Non-locality in computing

I read an article a few weeks ago that mirrors some of the things I’ve said in the past about computing on huge systems. Basically, when you have a system of sufficiently large size, the communications fabric between the nodes are such that for any ith and jth node, the latencies and transit times may not be uniform, or worse, there may be significant time cost to communicate between various nodes.
In the text, I use the concept of a light cone. This is a construct from relativity theory, with time representing the vertical axis. As a message or some data needs to move, it is constrained by something approximating the speed of information flow across the distributed computer (lets call this C{dist}). You can exchange information across two nodes when their light cones intersect.
But in the case of a very large machine with potentially millions of cores, it may take far longer than anticipated for those light cones to intersect, as not all nodes are one hop away anymore.

What I am gradually realizing is that within a lightcone, data motion is not as hard, though spreading out to a larger size cluster increases the difficulty in moving data. This isn???t a just a bandwidth issue. Nor a latency issue.
If I want to transfer a file from A to B, I have to move the blocks between the two. Even if I could move them at infinite speed, I still have read and write times to contend with. Of course, I could take the alternative approach and not move them. In which case I need to worry about that 1/N problem.
And this is somewhat problematic and painful in the mesoscale size, as we are trying to force everything into a single light cone. What I am wondering now is whether that is worth the effort.

So how do you program in the face of non-uniform latency/bandwidth? Are your algorithms making an implicit assumption of uniform latency and bandwidth? Does MPI work well on a mesh, torus, or other topology, without significant (possibly drastic) changes to your code?
When we program for highest performance we seek to minimize latency of various operations, or hide them behind other operations so we amortize the cost of that latency. Our algorithms need to be sensitive to this.
What I wonder about is the future of large centralized switch infrastructures. They seem incompatible with the scaling we are seeing being pushed. A single point of information flow. A bottleneck.
The implications for storage are also interesting. A friend told me in an email that he thinks RAID is dying. I agree if we are looking at large multi-box single arrays. But not storage clusters. Not RAID within a box. Remember, the purpose of RAID is to give you a fighting chance to survive a failure long enough to replace a failed part.
But RAID semantics are breaking down as storage capacity rises. Rebuilds are now a significant problem in terms of time, for even moderate sized file systems. Hence the risk of a second failure rises. RAID6 was designed in part to survive this. But looking at the bigger picture of huge storage, this makes less sense. You need to be able to survive various hierarchies of failure. Not just a single disk. Or a single box.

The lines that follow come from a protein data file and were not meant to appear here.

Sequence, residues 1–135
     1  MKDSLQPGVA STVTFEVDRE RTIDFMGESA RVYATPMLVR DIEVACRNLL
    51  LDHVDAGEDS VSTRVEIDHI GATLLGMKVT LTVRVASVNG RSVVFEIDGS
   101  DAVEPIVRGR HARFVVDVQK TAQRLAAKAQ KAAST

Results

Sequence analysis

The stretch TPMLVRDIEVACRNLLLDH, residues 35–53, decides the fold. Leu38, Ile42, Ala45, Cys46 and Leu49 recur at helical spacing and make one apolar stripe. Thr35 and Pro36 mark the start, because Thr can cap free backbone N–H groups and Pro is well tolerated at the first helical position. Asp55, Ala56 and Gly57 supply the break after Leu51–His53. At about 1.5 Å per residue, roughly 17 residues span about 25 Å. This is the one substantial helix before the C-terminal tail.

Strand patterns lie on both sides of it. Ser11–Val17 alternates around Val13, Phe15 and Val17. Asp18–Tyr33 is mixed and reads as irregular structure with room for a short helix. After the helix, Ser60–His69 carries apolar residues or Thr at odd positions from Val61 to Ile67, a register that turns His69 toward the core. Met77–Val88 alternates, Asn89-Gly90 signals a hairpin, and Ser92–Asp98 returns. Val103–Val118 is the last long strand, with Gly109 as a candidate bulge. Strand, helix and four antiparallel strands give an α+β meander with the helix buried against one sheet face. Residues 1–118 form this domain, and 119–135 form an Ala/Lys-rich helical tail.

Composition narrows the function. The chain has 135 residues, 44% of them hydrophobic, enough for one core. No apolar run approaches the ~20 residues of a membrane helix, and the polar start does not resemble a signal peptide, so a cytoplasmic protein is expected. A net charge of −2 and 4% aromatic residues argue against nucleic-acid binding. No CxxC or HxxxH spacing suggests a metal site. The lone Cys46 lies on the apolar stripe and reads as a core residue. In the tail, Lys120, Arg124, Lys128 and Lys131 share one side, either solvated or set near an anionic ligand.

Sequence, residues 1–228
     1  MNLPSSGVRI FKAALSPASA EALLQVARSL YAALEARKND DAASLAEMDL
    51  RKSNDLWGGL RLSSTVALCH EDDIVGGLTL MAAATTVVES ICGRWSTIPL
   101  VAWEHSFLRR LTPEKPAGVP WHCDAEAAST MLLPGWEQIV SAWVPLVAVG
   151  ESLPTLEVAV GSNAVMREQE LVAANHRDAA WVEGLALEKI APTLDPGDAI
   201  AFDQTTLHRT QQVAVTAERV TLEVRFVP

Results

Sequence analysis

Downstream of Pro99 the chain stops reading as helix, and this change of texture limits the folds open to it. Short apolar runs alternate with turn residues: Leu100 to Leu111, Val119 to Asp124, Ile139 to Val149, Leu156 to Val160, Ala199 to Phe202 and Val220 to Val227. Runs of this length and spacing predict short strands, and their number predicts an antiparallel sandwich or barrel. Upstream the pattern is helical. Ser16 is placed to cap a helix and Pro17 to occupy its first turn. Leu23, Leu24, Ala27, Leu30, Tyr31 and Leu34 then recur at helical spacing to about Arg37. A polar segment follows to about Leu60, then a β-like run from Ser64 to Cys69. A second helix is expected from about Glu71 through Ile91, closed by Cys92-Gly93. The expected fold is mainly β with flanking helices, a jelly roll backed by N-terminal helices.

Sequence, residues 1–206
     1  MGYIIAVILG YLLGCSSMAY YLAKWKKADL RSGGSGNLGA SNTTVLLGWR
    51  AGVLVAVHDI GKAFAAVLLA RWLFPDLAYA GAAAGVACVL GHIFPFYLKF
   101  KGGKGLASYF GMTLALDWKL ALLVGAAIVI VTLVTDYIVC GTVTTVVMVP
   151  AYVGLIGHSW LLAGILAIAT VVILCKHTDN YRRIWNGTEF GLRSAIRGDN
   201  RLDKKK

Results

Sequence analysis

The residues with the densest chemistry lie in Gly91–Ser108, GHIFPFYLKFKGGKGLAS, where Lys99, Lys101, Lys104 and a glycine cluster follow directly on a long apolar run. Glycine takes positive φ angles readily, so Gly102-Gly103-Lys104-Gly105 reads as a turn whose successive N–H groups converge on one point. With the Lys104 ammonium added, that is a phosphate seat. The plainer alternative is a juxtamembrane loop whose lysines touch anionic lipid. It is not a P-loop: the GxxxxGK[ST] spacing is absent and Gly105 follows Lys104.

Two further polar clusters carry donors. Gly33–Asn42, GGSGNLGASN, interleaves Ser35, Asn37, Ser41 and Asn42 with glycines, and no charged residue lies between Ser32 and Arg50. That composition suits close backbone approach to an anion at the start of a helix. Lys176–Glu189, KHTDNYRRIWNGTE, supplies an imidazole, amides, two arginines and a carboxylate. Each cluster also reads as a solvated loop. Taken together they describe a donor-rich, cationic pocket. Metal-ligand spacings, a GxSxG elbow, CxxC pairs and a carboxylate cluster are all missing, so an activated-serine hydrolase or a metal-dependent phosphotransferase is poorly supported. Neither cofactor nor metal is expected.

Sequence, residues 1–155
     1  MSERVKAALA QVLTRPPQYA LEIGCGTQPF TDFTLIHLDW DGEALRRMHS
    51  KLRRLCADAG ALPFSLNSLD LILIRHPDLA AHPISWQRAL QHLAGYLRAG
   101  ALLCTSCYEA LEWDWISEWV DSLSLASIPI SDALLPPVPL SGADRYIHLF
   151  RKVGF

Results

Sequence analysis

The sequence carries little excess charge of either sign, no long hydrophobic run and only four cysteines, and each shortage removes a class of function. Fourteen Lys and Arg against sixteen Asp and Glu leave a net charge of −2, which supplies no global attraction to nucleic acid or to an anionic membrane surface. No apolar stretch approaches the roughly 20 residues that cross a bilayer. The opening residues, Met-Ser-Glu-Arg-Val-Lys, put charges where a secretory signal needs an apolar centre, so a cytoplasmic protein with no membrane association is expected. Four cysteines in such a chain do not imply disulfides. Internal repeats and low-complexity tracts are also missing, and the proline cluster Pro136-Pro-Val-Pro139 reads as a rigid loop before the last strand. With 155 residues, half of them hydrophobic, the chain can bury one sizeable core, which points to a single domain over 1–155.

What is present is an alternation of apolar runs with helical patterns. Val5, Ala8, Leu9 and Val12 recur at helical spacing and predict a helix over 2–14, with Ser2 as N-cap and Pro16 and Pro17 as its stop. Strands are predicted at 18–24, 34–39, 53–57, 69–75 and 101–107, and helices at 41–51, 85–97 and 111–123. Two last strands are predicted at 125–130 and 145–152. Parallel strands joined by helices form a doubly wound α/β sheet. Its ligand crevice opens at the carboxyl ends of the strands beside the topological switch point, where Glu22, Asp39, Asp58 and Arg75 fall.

Worse, the concept of backup is or needs to change. As storage capacities and requirements rise on their fast exponential curve, backups become harder to perform in a fixed period of time. Which also means restoration becomes ever more difficult as a function of size.
Of course if you have infinite budget, this is less of a problem. Most people don’t. So how can you provide resiliency in the face of failure in storage (which is what RAID was designed to do), as well as continuous operations in the face of failure in the hierarchy?
And in the case of large clusters and groups of distributed machines, how are you going to move data to where it is needed in a reasonable time period? Or are we looking at the problem wrong … and we need to let the data remain “frozen” while moving the code?
Huge numbers of processors with non-uniform fabrics pose some very interesting problems going forward. For computing, for storage, for backup.

3 thoughts on “Non-locality in computing”

  1. In the case of distributed machines, you move the compute. It’s the approach that many in the large scale distributed computing world have been using for a while, and of course, the core to the MapReduce, etc systems in vogue today..

  2. @Deepak
    I probably didn’t make it clear what I meant. This isn’t the scheduling problem we are dealing with. The question is, when you have a run with 100k cores in it, how would you a) write your algorithm to be able to deal with a very likely topologically distant set of computing nodes (say on “opposite” ends of a 2D toroidal surface), b) how might you deal with data motion and storage for the same.
    Mapreduce and variants are nice for some aspects of computing (specifcally for search and things that can be reformulated into a reduction of a mapping operation). Not everything can, and I am not sure that even a majority of applications can be reformulated in this manner.
    The question boils down to this: at some point, computers will have to deal with non-local effects for their singular simulation tasks. How will we program the algorithms to be either aware of this, or tolerant of this?

  3. I’ve always been somewhat surprised that Charm++ and similar techniques haven’t gone further. Yes, there’s overhead, but tracking any irregularity induces similar overhead. Current schedulers appear mostly to reinvent this old wheel. sigh.

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